Australian alcohol ban effects change
Australia’s Aboriginal communities enjoy a safer, more positive atmosphere.
Two years ago the Aboriginal communities in Western Australia’s northwest area adopted a plan to restrict the use of alcohol. While some criticized the plan for being too “paternalistic,” Fitzroy Valley’s indigenous population sanctioned the move, believing communities would see positive results.
Based on the program’s outcomes, the Drug and Alcohol Office and University of Notre Dame Australia released a report last month in favor of it. Measurable results revealed not only less street drinking and anti-social behavior, but also a sharp decline in the severity of injuries from public and domestic violence.
According to Professor Alan Cass, indigenous health researcher, the six-month review showed “the drinking restriction—led by the community—produced a noticeable improvement in health and social issues including a 50 percent reduction in hospital admissions, a 27 percent reduction in alcohol-induced violence, and a 14 percent increase in school attendance.”
Cass added that before the ban “the community experienced 13 suicides in 13 months. Reports of family violence were commonplace and alcohol consumption was rising at an alarming rate.”
Major John Farquharson, Salvation Army cross-cultural and indigenous ministries consultant, traveled to Fitzroy Crossing and Halls Creek to investigate these claims.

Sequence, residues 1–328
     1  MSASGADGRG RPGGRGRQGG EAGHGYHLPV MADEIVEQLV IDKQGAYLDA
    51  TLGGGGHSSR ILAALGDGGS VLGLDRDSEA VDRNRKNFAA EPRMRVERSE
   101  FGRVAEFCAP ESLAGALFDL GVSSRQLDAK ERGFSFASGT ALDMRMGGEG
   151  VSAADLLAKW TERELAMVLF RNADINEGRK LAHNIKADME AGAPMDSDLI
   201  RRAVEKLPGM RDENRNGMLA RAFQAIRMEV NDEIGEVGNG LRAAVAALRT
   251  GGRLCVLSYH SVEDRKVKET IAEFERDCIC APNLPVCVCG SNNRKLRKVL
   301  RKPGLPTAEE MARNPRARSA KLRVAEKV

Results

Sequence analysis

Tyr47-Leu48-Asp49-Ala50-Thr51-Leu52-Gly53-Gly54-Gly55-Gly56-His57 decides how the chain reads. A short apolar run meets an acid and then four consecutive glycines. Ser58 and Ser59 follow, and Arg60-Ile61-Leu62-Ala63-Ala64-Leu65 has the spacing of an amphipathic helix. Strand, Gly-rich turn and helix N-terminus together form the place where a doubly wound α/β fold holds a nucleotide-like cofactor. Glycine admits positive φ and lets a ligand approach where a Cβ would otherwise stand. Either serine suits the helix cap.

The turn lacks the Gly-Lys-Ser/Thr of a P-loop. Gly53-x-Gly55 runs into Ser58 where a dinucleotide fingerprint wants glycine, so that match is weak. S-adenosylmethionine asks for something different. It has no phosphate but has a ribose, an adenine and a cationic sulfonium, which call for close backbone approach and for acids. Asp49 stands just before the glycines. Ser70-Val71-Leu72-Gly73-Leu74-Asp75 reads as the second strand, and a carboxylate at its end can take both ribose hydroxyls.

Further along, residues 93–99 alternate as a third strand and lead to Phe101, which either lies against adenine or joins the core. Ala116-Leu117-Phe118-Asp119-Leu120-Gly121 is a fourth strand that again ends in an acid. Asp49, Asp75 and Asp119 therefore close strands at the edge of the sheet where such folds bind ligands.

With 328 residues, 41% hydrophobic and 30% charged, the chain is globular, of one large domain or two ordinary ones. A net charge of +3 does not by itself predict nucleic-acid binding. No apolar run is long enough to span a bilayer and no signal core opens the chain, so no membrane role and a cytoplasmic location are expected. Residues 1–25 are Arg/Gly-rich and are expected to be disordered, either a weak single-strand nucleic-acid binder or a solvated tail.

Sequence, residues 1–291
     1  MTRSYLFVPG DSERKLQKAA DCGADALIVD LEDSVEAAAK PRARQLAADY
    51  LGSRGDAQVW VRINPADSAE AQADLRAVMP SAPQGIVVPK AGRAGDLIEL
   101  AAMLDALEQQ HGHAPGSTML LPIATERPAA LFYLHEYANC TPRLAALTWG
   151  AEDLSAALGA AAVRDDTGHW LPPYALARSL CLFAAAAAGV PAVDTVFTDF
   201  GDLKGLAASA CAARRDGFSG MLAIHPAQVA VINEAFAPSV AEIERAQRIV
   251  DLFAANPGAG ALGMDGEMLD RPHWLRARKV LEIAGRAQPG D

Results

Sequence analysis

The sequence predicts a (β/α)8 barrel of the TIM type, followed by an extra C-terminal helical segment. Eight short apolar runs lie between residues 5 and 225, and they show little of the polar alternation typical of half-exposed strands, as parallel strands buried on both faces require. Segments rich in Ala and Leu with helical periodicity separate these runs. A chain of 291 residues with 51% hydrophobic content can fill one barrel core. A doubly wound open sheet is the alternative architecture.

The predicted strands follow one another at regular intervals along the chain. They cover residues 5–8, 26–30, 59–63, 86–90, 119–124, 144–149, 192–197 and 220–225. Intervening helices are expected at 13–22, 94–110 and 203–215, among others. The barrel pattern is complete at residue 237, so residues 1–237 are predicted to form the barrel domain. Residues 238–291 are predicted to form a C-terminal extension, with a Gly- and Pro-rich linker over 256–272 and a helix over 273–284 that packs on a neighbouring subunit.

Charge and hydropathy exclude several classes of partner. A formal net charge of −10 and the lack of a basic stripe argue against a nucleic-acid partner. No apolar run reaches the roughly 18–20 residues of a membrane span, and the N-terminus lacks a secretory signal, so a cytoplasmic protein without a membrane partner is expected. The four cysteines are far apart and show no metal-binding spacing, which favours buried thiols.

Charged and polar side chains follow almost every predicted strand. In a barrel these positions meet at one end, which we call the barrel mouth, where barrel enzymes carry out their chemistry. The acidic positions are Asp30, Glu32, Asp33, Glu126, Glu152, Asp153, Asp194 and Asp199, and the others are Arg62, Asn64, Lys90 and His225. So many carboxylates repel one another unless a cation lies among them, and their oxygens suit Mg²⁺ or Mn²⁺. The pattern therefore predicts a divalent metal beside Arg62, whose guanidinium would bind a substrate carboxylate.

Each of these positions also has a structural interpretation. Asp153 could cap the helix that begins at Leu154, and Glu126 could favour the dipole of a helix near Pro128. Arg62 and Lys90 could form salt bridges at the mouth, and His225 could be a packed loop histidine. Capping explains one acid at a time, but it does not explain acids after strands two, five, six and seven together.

“Primarily, it was to observe and make contact with various indigenous persons in that area in northwestern Australia,” he said, “to see whether there were things happening in Falls Creek and Fitzroy Crossing that may be relevant to other Aboriginal communities.”
Impressed with the friendly and relaxed attitudes of the citizens, Farquharson commented: “Instead of turning away, Aboriginal people stopped to talk to us. They wanted to engage. It was like they had self-respect and there was an unforeseen openness.
“They told us, for instance, how attendance at schools increased quite dramatically, how the emergency department at the local hospital was no longer dealing with major emergencies, and how there was much less assault.”
Doreen Green, spokeswoman for a group of senior Aboriginal women from Halls Creek told ABC Radio: “People are now happy and you don’t hear of the fights, the violence, and all of that. You now see children play in the local park kicking a football around. Before [the ban] the park was taken over by drunken people.”
The program, although still viewed as paternalistic on some level, provides “breathing space to allow better community programs and better engagement for some of the younger people,” said eminent leader Peter Yu. It also permits implementation of early intervention programs, such as immunization of children.
Majors Dean and Kay Hill—who run a Salvo mobile ministry that travels through Fitzroy Crossing and Halls Creek—believe it is now time for a more permanent presence in the north.
“One of the things I would love to see,” he says, “is for The Salvation Army to go and set up in some of the communities. There’s much that can be done.”